• To allow information structures to change over time (i.e. versions of data structures). This is simply a byproduct of automation.
  • Information is never static, therefore no generalization is ever assumed.  This means that there can never be an external data description table.

  • There shall never to be any loss of knowledge within any information structure during a transfer process.

  • There shall never be any assumption of knowledge.  All knowledge context shall be explicit.  You should never assume that the computer knows what you know.

Transfer and storage of information is always complete. The objective is to unload all of an application's information and logic memory structures by converting it into a text document that is readable, understandable, and editable. Then have the ability to take this text document back into any program's memory as an exact duplicate of its original context and capabilities.

This information transfer capability is required for true software development; which is "Access to All Information". This automated capability of memory transfer gives us:

  • Sub-process validatation
  • Program check-points
  • Program restart
  • Splitting a program across machines
  • Automated knowledge transfer
  • Elimination of databases
  • Elimination of Client Server technology
  • Program simulations



Ownership of software:
The ownership of software has fallen under the rule of copyrights. This treats software as a "literary work" intellectual property of its creator. Unfortunately software is, and never has it been, a work of a single effort.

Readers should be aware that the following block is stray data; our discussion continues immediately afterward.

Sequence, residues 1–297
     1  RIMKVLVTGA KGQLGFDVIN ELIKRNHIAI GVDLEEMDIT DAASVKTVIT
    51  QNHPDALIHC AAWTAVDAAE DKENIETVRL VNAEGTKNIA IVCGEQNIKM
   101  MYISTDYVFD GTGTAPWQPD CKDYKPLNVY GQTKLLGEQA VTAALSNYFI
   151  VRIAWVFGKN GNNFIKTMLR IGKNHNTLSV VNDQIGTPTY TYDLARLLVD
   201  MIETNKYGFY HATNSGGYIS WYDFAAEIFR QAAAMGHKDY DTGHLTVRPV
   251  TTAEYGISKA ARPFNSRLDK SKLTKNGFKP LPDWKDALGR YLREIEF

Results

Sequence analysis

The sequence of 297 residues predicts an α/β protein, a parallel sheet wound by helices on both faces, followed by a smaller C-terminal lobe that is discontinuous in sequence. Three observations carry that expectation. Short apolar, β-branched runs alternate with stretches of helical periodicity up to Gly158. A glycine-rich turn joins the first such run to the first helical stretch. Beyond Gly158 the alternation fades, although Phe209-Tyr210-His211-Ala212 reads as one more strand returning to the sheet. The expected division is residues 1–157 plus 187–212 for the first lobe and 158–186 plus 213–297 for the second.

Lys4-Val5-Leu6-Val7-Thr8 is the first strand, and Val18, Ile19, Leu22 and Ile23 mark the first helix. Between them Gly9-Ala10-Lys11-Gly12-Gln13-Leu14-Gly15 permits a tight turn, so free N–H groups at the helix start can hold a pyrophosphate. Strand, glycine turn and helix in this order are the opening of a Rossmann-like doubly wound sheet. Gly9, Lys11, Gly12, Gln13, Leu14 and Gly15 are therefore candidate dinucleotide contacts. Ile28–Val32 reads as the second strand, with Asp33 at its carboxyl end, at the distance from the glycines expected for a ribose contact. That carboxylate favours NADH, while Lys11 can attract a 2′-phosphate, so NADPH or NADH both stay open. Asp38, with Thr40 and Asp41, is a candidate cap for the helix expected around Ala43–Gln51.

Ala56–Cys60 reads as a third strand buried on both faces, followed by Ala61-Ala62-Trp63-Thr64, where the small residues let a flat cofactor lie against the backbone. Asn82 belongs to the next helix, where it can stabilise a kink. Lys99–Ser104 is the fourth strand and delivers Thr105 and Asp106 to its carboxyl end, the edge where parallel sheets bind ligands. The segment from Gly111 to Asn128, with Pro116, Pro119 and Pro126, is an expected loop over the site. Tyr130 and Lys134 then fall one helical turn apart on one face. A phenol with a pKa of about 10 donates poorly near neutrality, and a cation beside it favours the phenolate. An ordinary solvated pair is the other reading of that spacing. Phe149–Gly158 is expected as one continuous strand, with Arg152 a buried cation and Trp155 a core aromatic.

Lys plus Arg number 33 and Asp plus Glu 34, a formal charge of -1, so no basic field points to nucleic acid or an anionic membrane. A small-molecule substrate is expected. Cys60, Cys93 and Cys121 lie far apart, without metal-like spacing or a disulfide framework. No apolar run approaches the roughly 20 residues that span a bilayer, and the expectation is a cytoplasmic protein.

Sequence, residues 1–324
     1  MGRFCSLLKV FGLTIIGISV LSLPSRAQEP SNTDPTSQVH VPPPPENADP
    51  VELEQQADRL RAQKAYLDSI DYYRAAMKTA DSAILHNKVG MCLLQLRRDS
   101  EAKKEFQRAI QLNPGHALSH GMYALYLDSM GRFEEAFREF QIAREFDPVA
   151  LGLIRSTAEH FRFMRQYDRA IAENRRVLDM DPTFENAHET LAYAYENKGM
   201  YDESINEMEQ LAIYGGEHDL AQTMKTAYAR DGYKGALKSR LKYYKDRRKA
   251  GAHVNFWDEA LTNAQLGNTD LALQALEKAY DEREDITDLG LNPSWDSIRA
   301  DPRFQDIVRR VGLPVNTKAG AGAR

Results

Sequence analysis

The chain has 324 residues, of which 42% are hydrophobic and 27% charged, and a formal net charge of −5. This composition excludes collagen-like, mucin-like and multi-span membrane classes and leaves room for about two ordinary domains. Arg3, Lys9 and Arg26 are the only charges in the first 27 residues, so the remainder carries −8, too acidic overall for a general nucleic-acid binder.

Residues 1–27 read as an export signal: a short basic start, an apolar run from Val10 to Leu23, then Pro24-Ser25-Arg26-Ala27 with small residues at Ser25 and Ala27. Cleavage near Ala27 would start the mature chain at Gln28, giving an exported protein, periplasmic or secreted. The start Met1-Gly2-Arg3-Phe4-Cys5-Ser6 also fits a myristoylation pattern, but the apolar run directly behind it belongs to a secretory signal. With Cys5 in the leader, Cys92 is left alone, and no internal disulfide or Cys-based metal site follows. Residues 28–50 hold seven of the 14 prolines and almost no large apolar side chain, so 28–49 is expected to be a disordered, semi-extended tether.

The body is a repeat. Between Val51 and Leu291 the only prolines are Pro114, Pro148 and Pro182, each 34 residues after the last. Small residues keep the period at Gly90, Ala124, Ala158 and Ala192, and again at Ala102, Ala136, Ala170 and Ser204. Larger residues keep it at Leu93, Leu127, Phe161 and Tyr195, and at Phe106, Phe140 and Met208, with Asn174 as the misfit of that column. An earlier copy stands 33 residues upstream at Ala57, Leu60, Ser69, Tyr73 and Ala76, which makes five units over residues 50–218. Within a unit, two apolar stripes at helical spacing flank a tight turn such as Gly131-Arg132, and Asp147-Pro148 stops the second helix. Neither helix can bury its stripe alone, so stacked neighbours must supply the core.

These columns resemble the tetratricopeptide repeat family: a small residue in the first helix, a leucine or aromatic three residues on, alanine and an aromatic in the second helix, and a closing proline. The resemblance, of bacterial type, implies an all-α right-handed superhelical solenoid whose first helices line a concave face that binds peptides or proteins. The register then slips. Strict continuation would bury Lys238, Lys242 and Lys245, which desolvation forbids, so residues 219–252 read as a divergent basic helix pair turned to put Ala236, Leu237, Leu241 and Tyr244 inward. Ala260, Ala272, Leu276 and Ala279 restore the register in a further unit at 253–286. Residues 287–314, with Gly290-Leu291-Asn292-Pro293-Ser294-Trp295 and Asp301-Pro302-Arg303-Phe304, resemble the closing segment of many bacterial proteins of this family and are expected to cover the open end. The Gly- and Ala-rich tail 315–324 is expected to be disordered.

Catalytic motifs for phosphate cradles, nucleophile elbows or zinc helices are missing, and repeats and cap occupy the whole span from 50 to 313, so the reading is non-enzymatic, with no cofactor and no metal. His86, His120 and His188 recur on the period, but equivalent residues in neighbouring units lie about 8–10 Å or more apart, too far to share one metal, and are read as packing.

Items that can be copyrighted are originality, creativity, and must be reproducible (fixation). I have never seen any software that was wholly original.  Software always has many parts, and each of those parts could be considered plagiarized. So are we to consider originality of plagiarism unique and therefore copyrightable? 

Is ownership of software to extend to the information that it maintains, derives, or creates? Is the hardware that software controls, or has access to, also owned by the software? In a way; yes.  Software hides and controls information and can limit access to hardware. This capability is, by the nature of software, an inevitable attribute.

We must transfer all the knowledge the human knows into every computer application. We must then be able to transfer this knowledge to any other application or storage device without any loss of intelligence. All of our applications today assumes most of its working knowledge. 

Every application assumes that every data structure is correct. There is no validation to a data structure's correctness. Applications assume units, number of bits in a number, conventions, purpose, and use. This can be seen in every major software failure (737 Max, Mars probe crash, rocket explodes …etc…). Every failure, I know of, was caused by an assumption on the correctness of the information and on the ability of the source code to perform as we assume it will.  However without knowing, all we can do is assume.

Software cannot be written by programmers.  All the above failures could have been caught by a fifth grader if there were no assumptions.

by: Clif Collins